The other day in one of our pre-shift dinner meetings at the Grill, towards the end when the staff is anxious to jump up outta their seats and get back to work, the wizened owner gingerly took a piece of paper up to his spectacles, lowered it, and said to me, “Arthur, tell us about security.”
I’m sorry, but aren’t we living in a post-9/11 world? When someone says the word “security” to me about a million thoughts strum my brain strings. It was hard to find a tune, and so I sat there with a blank expression on my face, empty plate in front of me. I said nothing. The disappointed owner became annoyed. “Alright, nevermind then…” He went on to cover issues such as calling the police or using the bats on criminals. An incident was recalled when a purse stealing perp was chased and tackled.
Again, I apologize. First of all, I do think about security all the time, especially in the world of heightened dangers that is the city. Rarely, if ever, do I worry about foreign acts of terror. Sometimes, watching the evening news or even listening to NPR, witnessing the brutality that takes place everywhere everyday I feel damn lucky to be alive. But as a forward leaning street attorney, as a double major in “keep the peace” and “protect ya neck,” my security protocals are strictly personal.
The vacant eyed stare usually is not the best way to look up to someone who controls your job, especially not when they are in your face with a serious question, but I wasn’t about to spill my secrets for free when its totally unnecessary. Every staff member in that room knew how I roll out or roll back or roll with the punches. In a lot of ways, I kept my mouth shut because I was on the cusp of revealing a waking dream that I’d had the same day regarding security.
My headphones were on and I was computing before work. The album playing in the discman was, “Fishscale,” by Ghostface Killah, whose flow evokes wild imagery for me. New York City defense squads, grime, ambulances, drug issues… in the pre 9/11 world it might have been possible for me to hear about such things in front of a compelling beat without drawing the lines of a larger picture, but in the new world order my brain is reordered.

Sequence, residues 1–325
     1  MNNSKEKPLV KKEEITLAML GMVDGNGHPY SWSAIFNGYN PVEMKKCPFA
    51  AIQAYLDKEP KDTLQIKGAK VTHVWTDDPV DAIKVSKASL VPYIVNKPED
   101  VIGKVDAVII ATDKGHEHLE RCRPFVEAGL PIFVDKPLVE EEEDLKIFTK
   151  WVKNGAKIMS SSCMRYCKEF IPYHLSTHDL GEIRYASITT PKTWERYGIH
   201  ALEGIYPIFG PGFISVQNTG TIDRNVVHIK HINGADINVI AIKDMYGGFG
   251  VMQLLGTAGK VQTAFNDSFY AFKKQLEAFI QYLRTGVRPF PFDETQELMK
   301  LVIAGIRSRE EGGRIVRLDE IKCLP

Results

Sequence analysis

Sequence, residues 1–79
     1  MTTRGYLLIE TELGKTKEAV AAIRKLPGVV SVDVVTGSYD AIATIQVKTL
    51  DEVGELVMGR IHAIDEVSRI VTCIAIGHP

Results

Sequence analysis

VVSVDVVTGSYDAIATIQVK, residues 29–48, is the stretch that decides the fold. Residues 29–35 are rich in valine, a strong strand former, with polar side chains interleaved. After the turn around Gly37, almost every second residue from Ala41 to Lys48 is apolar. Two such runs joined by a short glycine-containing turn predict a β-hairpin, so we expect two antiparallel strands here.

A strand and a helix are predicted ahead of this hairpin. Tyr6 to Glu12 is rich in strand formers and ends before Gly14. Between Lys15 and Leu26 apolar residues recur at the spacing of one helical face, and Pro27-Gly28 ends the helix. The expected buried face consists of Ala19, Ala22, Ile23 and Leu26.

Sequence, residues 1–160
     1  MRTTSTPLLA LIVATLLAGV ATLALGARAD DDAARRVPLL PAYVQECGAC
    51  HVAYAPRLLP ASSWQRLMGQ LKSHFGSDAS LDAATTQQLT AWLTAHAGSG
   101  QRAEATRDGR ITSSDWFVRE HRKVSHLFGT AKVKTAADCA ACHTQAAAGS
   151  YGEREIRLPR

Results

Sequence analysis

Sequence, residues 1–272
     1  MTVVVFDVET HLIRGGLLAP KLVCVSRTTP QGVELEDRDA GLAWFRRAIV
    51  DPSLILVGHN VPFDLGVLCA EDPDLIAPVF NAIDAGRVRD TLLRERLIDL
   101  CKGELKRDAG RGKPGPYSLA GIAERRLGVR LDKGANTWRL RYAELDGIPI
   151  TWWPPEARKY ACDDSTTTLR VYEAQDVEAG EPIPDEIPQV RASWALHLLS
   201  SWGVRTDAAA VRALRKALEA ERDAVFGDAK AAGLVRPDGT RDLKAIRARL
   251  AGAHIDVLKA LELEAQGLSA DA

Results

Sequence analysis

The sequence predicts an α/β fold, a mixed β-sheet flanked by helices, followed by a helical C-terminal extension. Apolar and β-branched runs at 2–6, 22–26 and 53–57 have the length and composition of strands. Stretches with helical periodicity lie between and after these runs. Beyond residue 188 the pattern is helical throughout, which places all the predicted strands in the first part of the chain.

The terrorists who attacked on September 11 tried to take down the WTC, just as had been previously attempted in the early 1990s, except this time they thought they had found their success. However, being foreign terrorists, they couldn’t find the WTC, especially not in a plane flying at hundreds of miles an hour. Instead of locating and bombing even one of the 36 Chambers they drove those death planes into the largest dullest buildings in the city…
Yes, my mind had made the post 9/11 jump into victory think, flamboyant glorious. The real WuTang Clan was underground in New York that day, in basements, corner stores, living rooms, bedrooms. Safe in studios that savage men from Afghanistan and points Middle East have never heard of. Places that would take their breath away because thats where the real enemy they searched for on the internet and in religious texts is found.
Hip hop, as birthed in New York, whose iron flag is still in the grip of the RZA and Ghostface, is probably the best way known today to get into the heads of the youth of the world, to change their hearts and minds. Its the sexiest and most seductive cultural export to the impressionable young of the world that this country has to offer. It is our sword, and for the aspiring jihadists, it becomes a leering seductress.
Can you focus on jihad when our new culture is making your head nod? Can you see straight to shoot when your ears sieze up in spasms? That’s when you shook, over to the dark side for the beats and rhymes… In terms of who is writing the storyline for the potentially angry youth grown up in the toughest places on Earth, the final showdown is between extremism and hip hop. And to the self-satisfying American censor suckers; which side do you think holds the most potential for present and future positivity?
Hip hop is part of my security. I side with the Shaolin.